Growing up in the Bay Area, not to mention ten years spent living in San Francisco, which could arguably be considered a “mecca” of pet fanatics, it has always seemed to me an obvious fact of life that pets are to be treasured and treated with the same respect as their people. In some cases people treat pets with even more respect than their fellow human beings. While I am a dedicated (and perhaps mildly obsessed) cat owner, I feel that society focusing too much energy on one animal may cost many others their lives. In particular, I would like to discuss the placing of pets in homes and the standards which govern this process.
Before I raise my argument, I will say this: In no way am I doubting the importance of providing pets with a good, safe and happy home. I was raised in the East Bay suburbs, and in my family, if a cat was curled up on the chair we wanted to read in, we found another chair. Clearly the pets who have landed in my family have been loved and well provided for. My own cat came to me from the streets and I remain convinced of her extraordinary intelligence, demonstrated by her choice of a person who would spoil and dote on her as I do.
Jefa (my cat, featured in the photo above) and I met walking on the streets of the San Francisco Bay View neighborhood. Although I was not permitted to touch her, she followed me home, covering a distance of a quarter mile. She moved in, I was eventually allowed to pet her and we have been attached at the hip ever since. Jefa was lucky to find a home. Sadly, her many companions from the street were not so fortunate.
The population of stray and feral cats in this city, and in fact the country, is a huge problem. In San Francisco and many other cities there are Catch and Release programs (of which Jefa was a fortunate victim). These programs serve to capture stray cats, spay or neuter them, mark them and release them back to the streets. While perhaps a little insensitive in the actual handling of the animals, this is a population control method that refrains from killing. Additionally there are No-Kill shelters in many cities. I fully support these programs as the best possible alternative to killing. However the existence of such programs also means that there are many pets sitting around waiting to be adopted, and many more living poorly on their own.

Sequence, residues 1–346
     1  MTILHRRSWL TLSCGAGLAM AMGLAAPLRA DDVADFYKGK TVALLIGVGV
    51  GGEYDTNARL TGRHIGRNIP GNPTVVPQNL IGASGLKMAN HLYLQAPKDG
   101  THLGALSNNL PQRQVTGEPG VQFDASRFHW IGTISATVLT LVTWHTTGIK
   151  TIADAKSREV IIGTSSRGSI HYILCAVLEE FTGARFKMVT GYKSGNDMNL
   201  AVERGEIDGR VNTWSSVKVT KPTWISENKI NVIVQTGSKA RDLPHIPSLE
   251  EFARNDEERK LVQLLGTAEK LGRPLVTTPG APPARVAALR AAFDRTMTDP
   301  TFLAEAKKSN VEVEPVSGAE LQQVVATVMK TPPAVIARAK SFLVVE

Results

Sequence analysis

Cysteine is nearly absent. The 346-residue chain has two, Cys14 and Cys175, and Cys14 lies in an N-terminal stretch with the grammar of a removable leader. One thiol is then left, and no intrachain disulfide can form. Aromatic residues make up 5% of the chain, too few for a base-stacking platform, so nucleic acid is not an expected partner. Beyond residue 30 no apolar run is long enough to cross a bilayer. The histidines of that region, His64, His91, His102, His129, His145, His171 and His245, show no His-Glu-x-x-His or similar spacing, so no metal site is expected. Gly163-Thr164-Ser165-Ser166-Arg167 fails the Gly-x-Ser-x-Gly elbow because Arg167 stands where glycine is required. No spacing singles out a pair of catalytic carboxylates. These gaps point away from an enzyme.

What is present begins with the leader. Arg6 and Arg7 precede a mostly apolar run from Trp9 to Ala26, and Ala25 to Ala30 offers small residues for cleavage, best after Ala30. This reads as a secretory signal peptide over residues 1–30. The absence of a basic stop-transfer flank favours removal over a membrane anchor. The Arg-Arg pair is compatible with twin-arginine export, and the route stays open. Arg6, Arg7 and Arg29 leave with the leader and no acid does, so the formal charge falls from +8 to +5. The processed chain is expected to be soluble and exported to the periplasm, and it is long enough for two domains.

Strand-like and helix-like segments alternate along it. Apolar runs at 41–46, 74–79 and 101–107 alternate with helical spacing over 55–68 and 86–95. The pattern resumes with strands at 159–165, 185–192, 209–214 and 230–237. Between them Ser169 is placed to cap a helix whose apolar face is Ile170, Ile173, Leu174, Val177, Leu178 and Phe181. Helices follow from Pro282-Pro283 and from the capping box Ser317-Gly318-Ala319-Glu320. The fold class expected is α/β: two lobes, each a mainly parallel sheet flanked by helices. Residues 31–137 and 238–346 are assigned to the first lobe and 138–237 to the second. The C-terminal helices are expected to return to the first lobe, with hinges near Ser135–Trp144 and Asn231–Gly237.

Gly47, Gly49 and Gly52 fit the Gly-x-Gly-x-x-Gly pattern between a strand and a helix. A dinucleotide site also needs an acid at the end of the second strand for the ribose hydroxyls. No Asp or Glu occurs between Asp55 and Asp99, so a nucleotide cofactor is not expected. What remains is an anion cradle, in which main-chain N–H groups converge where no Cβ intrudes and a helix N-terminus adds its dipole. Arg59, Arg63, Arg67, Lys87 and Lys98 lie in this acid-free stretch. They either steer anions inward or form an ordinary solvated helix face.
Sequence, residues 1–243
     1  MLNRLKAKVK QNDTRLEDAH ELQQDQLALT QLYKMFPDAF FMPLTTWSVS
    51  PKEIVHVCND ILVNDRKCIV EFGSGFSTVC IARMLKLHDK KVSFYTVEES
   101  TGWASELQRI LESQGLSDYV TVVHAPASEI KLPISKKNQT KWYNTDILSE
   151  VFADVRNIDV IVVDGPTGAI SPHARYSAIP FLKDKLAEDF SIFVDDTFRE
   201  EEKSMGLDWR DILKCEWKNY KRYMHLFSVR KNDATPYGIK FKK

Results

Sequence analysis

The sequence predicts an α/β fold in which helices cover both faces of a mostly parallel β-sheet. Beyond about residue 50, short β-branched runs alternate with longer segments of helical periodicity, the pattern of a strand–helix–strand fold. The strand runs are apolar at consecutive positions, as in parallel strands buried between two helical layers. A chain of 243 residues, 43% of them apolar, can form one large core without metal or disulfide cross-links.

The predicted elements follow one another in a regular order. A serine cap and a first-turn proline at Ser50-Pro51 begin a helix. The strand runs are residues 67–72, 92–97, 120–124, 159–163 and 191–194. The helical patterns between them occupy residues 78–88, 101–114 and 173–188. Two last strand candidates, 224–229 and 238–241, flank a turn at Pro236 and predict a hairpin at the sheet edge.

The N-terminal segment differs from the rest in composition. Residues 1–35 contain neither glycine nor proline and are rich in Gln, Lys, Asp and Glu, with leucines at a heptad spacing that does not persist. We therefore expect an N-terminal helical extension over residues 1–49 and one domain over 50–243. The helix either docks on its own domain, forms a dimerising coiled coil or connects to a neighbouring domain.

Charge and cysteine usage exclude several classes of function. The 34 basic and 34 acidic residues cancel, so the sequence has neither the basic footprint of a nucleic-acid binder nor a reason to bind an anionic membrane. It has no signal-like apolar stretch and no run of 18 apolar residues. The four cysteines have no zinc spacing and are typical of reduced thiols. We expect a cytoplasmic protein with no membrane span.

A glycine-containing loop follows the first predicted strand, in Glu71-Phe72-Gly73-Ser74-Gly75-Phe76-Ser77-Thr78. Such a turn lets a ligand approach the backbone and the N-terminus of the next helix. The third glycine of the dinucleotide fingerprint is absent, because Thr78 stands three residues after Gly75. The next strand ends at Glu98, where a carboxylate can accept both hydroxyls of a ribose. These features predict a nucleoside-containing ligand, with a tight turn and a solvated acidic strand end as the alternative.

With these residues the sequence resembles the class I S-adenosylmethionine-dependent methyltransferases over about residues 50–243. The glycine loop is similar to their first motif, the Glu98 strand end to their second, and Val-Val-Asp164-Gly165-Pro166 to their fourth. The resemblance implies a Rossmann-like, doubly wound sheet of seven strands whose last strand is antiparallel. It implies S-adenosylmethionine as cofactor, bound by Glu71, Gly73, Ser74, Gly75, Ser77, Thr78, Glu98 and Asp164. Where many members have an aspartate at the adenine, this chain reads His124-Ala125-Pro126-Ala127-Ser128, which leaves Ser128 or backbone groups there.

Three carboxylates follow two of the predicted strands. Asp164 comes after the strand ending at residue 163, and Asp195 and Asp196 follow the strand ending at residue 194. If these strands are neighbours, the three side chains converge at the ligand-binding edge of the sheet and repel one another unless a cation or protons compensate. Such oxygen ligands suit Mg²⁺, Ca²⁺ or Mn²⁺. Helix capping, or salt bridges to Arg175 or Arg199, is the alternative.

It would seem that the most important goal of shelters would be to adopt out these animals and make room for new ones. The problem that I wish to address here is that many of these shelters have extremely rigid rules and restrictions regarding the people they will adopt to. I acknowledge the unfortunate need for a screening process. There are sick people out there and it is important to make sure the homes being provided are safe and acceptable. However, some shelters hold adoptive pet parents to such high standards that I believe they are doing harm to their own cause by getting in the way of placing pets in homes.
An excellent example of this is an adoption center in San Francisco called Pets Unlimited. I believe that this organization is caring and well intentioned. In fact, Jefa and I use their veterinary clinic for shots, yearly check ups and other medical services. They are not a very large shelter and have a limited number of very nice rooms for their cats. They also have incredibly strict guidelines about adoption. They want to know how many hours a day you will be home with your pet, what kind of people will be around the pet, details of how you intend to care for the pet, and more personal information. If you confess to intentions of letting your pet go outside unsupervised you are instantly disqualified.
All of these criteria are important to responsible pet ownership and should be carefully considered by the adoptive parents. However these standards are held so high by the organization that it is actually difficult to adopt from them. I believe that it would be amazing if every pet owner was able to commit to near-constant time with their pet and a level of care equal to that of an infant. Given the numbers of homes needed, I also believe that if a roof can be provided, with healthy food and a basic level of care and attention, perhaps we shouldn’t be too picky. The benefit of finding a perfect home for one animal is often equal to the cost of many other animals having no homes.